Key Events Leading to the Termination of the Delphi Defined Benefit Plans
GAO-11-373R: Published: Mar 30, 2011. Publicly Released: Mar 30, 2011.
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The Delphi Corporation was a global supplier of mobile electronics and transportation systems that began as part of the General Motors Corporation (GM) and was spun off as an independent company in 1999. Following bankruptcy in 2005, Delphi's six qualified defined benefit (DB) plans were terminated and trusteed by the Pension Benefit Guaranty Corporation (PBGC) in July 2009. These terminations culminated from a complex series of events involving Delphi, GM, various unions, the U.S. Department of the Treasury (Treasury), as well as PBGC. Congress asked us to examine a range of issues related to PBGC's termination of Delphi's DB plans, such as the decision to terminate, the efforts to secure plan assets, the treatment of collective bargaining agreements, and Treasury's role throughout the process. As discussed with Congressional staff members in December 2010, this report includes a timeline of key events leading to the termination of Delphi's plans. The timeline focuses, in particular, on events related to the reasons for GM providing retirement benefit supplements to certain Delphi employees, but not to others, and Treasury's role in those events. We will compare PBGC's process for terminating Delphi's pension plans with its process for terminating other large, complex plans in a future report.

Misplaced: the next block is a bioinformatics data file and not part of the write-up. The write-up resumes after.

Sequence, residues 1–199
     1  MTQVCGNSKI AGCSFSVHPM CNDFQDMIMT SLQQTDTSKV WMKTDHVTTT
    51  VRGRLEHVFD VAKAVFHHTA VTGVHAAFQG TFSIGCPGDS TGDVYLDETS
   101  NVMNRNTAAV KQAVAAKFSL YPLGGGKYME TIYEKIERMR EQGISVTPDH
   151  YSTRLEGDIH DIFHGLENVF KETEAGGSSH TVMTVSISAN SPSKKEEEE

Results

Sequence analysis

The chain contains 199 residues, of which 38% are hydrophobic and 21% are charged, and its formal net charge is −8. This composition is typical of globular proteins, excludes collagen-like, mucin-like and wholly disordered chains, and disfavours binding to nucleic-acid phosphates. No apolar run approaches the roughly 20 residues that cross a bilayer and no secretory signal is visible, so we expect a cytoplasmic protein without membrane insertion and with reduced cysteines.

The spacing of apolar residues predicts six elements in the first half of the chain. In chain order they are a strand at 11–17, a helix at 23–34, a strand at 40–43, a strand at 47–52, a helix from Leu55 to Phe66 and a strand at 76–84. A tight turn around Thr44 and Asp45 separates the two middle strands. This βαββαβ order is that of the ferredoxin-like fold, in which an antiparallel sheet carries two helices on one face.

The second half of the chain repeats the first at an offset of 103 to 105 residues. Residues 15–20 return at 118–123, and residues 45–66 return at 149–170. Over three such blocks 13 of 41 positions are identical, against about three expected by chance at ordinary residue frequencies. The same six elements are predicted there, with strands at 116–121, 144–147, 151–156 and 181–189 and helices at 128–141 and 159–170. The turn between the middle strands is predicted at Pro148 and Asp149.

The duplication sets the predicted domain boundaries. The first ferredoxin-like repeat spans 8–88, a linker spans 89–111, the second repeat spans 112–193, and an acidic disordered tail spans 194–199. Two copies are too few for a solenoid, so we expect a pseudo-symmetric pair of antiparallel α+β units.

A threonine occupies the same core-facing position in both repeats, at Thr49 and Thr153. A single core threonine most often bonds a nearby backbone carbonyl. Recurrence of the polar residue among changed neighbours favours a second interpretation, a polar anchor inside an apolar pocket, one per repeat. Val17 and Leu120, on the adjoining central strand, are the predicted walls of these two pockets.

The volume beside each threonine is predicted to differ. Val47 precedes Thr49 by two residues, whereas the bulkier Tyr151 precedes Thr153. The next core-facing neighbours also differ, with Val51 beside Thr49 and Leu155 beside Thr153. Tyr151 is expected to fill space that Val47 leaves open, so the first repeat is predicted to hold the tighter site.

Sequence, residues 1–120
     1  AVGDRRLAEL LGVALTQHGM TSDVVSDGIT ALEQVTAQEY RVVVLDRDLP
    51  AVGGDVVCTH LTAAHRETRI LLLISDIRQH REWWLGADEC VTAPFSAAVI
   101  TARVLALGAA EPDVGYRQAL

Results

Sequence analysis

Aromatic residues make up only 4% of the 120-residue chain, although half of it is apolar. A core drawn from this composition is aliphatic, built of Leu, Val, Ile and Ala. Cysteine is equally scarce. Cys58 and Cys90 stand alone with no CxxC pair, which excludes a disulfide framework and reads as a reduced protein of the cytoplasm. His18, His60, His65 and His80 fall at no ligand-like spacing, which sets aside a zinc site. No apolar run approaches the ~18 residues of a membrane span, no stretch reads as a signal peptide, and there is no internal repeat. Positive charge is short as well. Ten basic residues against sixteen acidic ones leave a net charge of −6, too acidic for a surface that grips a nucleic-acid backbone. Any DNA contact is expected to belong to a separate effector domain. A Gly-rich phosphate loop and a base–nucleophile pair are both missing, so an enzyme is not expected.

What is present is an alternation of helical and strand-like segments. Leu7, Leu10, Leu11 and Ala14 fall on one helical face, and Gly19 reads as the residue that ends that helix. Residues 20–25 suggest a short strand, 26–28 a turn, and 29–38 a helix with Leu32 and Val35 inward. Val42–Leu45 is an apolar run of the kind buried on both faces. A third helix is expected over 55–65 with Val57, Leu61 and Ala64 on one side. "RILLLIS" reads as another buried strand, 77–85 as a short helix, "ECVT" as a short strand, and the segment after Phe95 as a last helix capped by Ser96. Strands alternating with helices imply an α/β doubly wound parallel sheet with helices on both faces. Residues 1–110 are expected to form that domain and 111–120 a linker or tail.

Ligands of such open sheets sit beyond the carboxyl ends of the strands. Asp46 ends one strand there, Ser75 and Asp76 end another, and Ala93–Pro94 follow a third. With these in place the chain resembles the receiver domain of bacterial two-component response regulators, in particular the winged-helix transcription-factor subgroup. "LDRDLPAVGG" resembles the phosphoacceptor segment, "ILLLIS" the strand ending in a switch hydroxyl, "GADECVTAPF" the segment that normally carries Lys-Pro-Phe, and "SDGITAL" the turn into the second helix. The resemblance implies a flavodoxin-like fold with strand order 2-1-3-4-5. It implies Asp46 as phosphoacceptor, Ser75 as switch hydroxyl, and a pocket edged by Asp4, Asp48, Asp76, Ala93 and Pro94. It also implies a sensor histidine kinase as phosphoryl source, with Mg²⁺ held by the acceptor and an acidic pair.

During the 1999 spin-off negotiations between GM and Delphi, three unions secured benefit guarantees for their members: International Union, United Automobile, Aerospace, and Agricultural Implement Workers of America (UAW); the International Union of Electronic, Electrical, Salaried, Machine and Furniture Workers, AFL-CIO (IUE); and the United Steelworkers of America (USWA). The benefit guarantees included an agreement that GM would provide a retirement benefit supplement (referred to as "top-ups") to certain Delphi employees who were members of these unions should their pension plans be frozen or terminated and they were to suffer a resulting loss in pension benefits. No other Delphi employees had a similar agreement to receive a top-up, including salaried workers and hourly workers belonging to other unions. Over the course of events that followed, the agreements with these three unions were ultimately preserved through the resolution of the bankruptcies of both GM and Delphi. Because Delphi's pension plans were terminated with insufficient assets to pay all accrued benefits, and because PBGC must adhere to statutory limits on the benefits it guarantees, many Delphi employees will receive a reduced pension benefit from PBGC compared with the benefits promised by their DB plans. Those Delphi employees receiving the top-ups will have their reduced PBGC benefit supplemented by GM while others will not.